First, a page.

This is an important development. First of all, it’s taken weeks and weeks for a determination to be made and the CDC is acknowledging it now, that if you’ve had COVID-19, there is a high likelihood that you are immune from getting it again. Unless it mutates or there’s some other development of it. COVID-19 once you’ve had it, you cannot get it again that’s the acknowledgement I think that the CDC is making here, so that’s good news, in many ways, at least for people who had COVID-19, and have recovered, that they are not under the same restrictions and guidelines that others who haven’t had it yet, are now.

What we don’t know and I need to read more about what the CDC may be saying about it, is whether someone who has had it can also somehow on their clothing or in other ways carry the virus with them. Right, so even if somebody is immune from it. Is there any way for them to carry the virus with them, I do not know the answer, and I can let Dr. Ezike answer if she does. But I can just tell you that we look very much at this research we’ve been looking at it for four weeks now, that this will help us going forward with the restarting of the economy. […]

So we’re going to look very much at how we would accomplish what they’re suggesting you know because it’s very hard to just look at somebody and know whether they’ve had the test, or they don’t haven’t had the test you can’t tell the difference with somebody. So how would we identify somebody who has had COVID-19 recovered rather not the test, but had COVID-19 and recovered, they would only be if they had a test and some showing that they’re immune.

* Mayor Lightfoot has stopped liquor sales after 9 pm. Could you imagine that statewide as well?…

I think that’s up to local mayors and local city governments and county governments to make the decision

* Why do you need pressurized tents for McCormick Place when it was not intended for very sick people?…

Well, the hope is not, but you want to be prepared and so the idea is to have an area for patients that, who come in their cars with COVID positive, but hopefully at a low level low acuity right and unfortunately some of them will increase the intensity of the seriousness of the effects of COVID-19.

* Dr Ezike on the exponential growth, you said seems to be slowing. Where does this suggest we are in terms of the peak, and also how can we be sure if we’re not testing the 10,000 per day?…

Using the information that we have, we can still track our rate of rise and so with the decrease in the rate of rise, with it not looking exponential, with it looking more linear, that just means that there’s a slower rate of increase and so we are confident with our team of epidemiologists that that is what we’re seeing, thus far. So we’re with guarded optimism we’re hoping that we’re getting close to either the peak or the plateau. It’s not clear yet how long that would be, again, it’s really hard to start making specific days like we’re X number of days from the peak but we think we’re heading in that direction. And we will continue to follow the data and give you more as we get it.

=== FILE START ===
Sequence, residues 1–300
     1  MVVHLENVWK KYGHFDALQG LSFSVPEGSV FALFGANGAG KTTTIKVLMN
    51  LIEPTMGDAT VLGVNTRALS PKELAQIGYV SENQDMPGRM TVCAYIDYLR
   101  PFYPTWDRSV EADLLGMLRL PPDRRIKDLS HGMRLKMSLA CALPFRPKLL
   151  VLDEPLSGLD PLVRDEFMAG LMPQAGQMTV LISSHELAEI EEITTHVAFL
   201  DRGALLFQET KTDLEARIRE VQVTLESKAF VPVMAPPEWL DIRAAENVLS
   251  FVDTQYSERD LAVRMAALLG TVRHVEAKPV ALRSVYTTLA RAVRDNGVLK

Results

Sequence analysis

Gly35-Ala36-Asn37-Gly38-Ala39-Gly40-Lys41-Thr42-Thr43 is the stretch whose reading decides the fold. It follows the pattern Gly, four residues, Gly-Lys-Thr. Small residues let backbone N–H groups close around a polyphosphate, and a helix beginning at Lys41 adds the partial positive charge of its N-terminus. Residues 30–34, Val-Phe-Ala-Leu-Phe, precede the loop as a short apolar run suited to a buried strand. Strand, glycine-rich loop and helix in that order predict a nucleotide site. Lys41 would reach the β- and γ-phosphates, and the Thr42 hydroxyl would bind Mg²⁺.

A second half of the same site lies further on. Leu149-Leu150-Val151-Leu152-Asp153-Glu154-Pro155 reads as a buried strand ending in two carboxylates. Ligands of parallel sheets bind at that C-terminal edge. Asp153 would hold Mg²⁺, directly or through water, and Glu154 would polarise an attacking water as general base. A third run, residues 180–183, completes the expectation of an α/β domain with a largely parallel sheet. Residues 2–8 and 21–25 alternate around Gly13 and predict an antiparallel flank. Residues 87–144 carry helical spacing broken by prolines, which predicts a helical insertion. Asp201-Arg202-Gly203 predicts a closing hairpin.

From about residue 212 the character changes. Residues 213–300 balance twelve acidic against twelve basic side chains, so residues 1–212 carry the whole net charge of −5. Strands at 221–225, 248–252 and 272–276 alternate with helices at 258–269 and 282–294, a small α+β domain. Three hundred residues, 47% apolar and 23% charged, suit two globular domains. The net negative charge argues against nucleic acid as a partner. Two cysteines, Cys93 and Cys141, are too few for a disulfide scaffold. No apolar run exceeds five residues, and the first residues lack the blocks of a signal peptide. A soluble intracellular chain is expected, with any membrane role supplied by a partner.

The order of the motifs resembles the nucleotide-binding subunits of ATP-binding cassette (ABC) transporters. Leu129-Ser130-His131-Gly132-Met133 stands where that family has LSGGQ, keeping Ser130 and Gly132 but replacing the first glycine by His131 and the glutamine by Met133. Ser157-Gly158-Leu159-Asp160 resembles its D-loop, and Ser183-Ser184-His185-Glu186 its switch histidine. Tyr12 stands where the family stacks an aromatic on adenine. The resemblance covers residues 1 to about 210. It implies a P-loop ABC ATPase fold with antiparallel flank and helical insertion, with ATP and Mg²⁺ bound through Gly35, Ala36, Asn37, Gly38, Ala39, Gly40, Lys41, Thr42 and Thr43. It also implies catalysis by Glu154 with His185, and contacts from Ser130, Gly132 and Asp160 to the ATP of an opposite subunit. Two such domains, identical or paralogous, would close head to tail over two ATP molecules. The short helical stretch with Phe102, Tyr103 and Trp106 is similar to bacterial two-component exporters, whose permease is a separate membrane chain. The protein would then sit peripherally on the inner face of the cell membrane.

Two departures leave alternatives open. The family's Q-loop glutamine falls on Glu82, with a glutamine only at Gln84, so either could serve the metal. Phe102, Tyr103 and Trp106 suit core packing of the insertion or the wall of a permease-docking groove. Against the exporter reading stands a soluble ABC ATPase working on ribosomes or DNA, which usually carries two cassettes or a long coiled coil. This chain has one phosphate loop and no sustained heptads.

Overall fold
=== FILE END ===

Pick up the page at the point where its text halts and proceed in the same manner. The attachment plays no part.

* For Dr. Ezike. Up until yesterday, IDPH, the data on the test was reported as number of people test it. Now, it’s number of tests. So which is it and why is there a change is it true that sometimes multiple tests are needed to get a result?…

so if you recall when we used to talk about the specimens tested we know that we used to take a nasal swab like we had an MP nasal pharyngeal swab and oropharyngeal swab so sometimes people had up to three different swabs from the same patient. We have now switched to doing single swabs. So I think there’s, depending on which data you’re looking at you have to correct for, there may be multiple swabs for an individual. And so I think that’s why the correction was the most part it is one specimen, for one test now because the guidance has changed.

Pritzker on the subject…

You know, a lot of the things that you were measuring a month ago are different now because the CDC has given different and new guidance for the FDA. And so, it used to be multiple swabs for a single person, almost three I think at the beginning, and now it’s really more like one to one

* For Dr. Ezike: Are Illinois hospitals still allowing family members to accompany a woman in labor and what are the guidelines?…

Yeah, so I’ve been following that and it’s not consistent it’s not a single rule for all hospitals. I know that in some hospitals, they are allowing the partner or the coach to be there for the actual labor, but not for any additional time again, understanding the situation we’re in. But knowing that people coming from the outside can bring you know the virus into the hospital. So I know that some hospitals were allowing just the one partner or coach to assist with the actual labor, but not outside of that. And there may have been some other place some other hospitals where that even one person wasn’t allowed so I know that there’s not consistency

* In Los Angeles, the mayor has ordered if you’re at a retail store wear masks. Is that a good idea?…

It is a good idea. It is a good idea when you go out and we haven’t ordered it but but as you’ve said I’ve every day, you know, I wear my own mask when I go outside. If I’m going to a store or any other place I would wear a mask. I would suggest that for everybody. I’ve seen a lot of people doing just that which is terrific.